Six months after the end of the Afghan airlift, congressional Republican investigators say it’s time for the Department of Homeland Security to release details of the 76,000 Afghan evacuees who’ve been brought to the U.S. and released into communities around the country.
In a letter Friday to Homeland Security Secretary Alejandro Mayorkas, Republicans on the House Oversight and Reform Committee complained that they’re still being stonewalled half a year after the evacuation from Kabul in their quest to find out who was brought into the country, exactly what vetting they faced, what legal authority was used to bring each of them here, and what states they ended up in.
The lawmakers said the Biden administration’s “chaotic” withdrawal spawned numerous problems — including potential security risks from poor vetting.
“We are particularly concerned that terrorists or other bad actors may seek to take advantage of our goodwill, exploiting any weakness in border security and vetting of foreign nationals seeking to enter the United States,” the Republicans wrote in the letter, obtained first by The Washington Times.
The letter, led by Rep. James Comer, the ranking Republican on the committee, and Rep. Yvette Herrell, New Mexico Republican, comes a week after a devastating report by the Pentagon’s inspector general, who found that key Defense Department security databases weren’t checked as part of the initial vetting.
As of early November, at least 50 Afghans had been brought to the U.S. who were later found to have significant security concerns in those unchecked databases. Those included issues such as having their fingerprints found on explosives and being categorized as “known or suspected terrorists.”
DOCUMENT: Letter to DHS regarding Afghan evacuees
A review of 31 of those Afghans who’d reached the U.S. as of Sept. 17 found that only three “could be located.”
“Not being able to locate Afghan evacuees with derogatory information quickly and accurately could pose a security risk to the United States,” the inspector general concluded.
The Times reached out to Homeland Security Department officials for a response to the report.
Administration officials have previously defended the vetting process as “rigorous.” Mr. Mayorkas has described it as “multi-layered, multi-agency screening and vetting” conducted overseas — before anyone reaches the U.S. That process involved running names against government databases. Those whose names raise security flags then had to clear in-person interviews before they could come to the U.S.
But the new inspector general’s report indicates the database checks were not as thorough as they could have been.
The Republican lawmakers, in their letter Friday, pointed out that they were already asking about evacuee concerns in late August, as the Pentagon’s massive airlift was winding down and the Taliban insurgency was taking power in Kabul.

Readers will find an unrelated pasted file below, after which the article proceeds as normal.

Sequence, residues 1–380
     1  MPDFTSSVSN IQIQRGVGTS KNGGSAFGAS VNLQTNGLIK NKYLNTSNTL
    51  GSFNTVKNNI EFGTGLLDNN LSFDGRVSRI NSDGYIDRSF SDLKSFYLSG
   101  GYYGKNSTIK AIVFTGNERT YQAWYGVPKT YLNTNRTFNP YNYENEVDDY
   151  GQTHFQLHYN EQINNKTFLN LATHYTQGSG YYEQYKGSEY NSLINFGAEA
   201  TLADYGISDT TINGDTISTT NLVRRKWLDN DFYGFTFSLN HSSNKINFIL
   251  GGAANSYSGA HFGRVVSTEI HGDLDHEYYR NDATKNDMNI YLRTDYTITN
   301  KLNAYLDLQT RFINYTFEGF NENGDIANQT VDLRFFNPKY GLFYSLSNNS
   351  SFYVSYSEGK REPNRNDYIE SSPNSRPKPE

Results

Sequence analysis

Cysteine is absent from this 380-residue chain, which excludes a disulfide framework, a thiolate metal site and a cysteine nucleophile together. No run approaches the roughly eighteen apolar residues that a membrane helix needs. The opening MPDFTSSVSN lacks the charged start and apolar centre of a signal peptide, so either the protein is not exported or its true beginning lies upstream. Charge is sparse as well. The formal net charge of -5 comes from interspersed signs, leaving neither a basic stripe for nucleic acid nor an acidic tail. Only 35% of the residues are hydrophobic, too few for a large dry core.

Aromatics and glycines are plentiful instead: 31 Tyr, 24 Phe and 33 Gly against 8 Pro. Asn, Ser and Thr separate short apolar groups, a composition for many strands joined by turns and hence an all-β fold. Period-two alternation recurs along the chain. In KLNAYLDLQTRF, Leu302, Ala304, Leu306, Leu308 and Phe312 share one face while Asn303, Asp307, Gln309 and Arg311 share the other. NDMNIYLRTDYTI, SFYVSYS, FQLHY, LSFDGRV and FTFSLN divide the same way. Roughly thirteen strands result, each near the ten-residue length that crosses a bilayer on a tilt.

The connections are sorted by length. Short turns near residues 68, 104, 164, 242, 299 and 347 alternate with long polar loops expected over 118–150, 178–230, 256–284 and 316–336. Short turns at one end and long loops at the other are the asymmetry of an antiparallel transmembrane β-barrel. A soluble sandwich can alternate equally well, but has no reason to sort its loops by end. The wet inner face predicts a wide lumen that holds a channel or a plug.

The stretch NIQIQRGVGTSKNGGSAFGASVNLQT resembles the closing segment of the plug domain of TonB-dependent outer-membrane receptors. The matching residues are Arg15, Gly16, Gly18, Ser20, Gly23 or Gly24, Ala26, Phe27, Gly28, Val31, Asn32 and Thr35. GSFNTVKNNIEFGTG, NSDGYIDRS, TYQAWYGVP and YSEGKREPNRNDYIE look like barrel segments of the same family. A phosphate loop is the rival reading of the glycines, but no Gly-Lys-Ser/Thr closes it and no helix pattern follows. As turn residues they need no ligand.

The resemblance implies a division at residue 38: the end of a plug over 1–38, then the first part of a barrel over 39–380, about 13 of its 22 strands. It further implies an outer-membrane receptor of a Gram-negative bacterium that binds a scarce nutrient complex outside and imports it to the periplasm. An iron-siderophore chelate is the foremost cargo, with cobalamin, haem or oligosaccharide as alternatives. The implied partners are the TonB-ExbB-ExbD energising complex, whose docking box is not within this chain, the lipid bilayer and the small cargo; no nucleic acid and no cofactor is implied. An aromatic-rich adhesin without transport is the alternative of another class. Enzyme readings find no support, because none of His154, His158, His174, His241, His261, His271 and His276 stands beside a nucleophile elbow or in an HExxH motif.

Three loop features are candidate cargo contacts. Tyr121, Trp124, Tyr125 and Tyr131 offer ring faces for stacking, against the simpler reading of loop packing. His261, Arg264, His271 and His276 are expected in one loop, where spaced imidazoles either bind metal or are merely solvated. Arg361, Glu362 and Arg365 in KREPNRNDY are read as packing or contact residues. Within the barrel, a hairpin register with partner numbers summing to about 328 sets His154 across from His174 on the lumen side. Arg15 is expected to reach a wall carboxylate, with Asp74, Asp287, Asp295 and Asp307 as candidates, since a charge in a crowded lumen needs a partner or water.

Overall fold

Six months later, they told Mr. Mayorkas that those answers are overdue, and they added a series of new questions based on what’s happened since.
The lawmakers said they now want to know the breakdown, by state, of where all 76,000 Afghan evacuees were resettled, and what their legal status is.
Republicans also probed how Homeland Security officials have responded to the security red flags raised by the inspector general.
While the airlift was billed as a chance to rescue authentic allies — Afghan nationals who risked their lives to assist the 20-year U.S. war effort — the “vast majority” didn’t meet that standard, the Republicans said. Instead, they were brought to the U.S. under a more generic category of “vulnerable Afghans.” The Republicans asked for information on how the government came up with that definition.
Experts tell the Times that the U.S. appeared to be taking nearly anyone who was able to reach the airport in Kabul in the final weeks of August, rather than screening for would-be refugees and those who genuinely worked with the U.S. and allied war effort.
Most of those who made it to the U.S. were brought under Mr. Mayorkas’ special “parole” powers. Some will eventually qualify for the special visa for allies who assisted the war effort, but analysts doubt most will.
Parole is a tentative status that brings work permits and some taxpayer benefits. It can be renewed, but does not include a direct path to citizenship.
Those in the U.S. on parole can apply for asylum, which is a permanent legal status, but one early ruling last month in an asylum case suggests the Homeland Security Department is taking a strict approach. The application received a “notice of intent to deny” because, the adjudicator said, while conditions in Afghanistan are bleak, the applicant couldn’t prove he or she faced personal danger.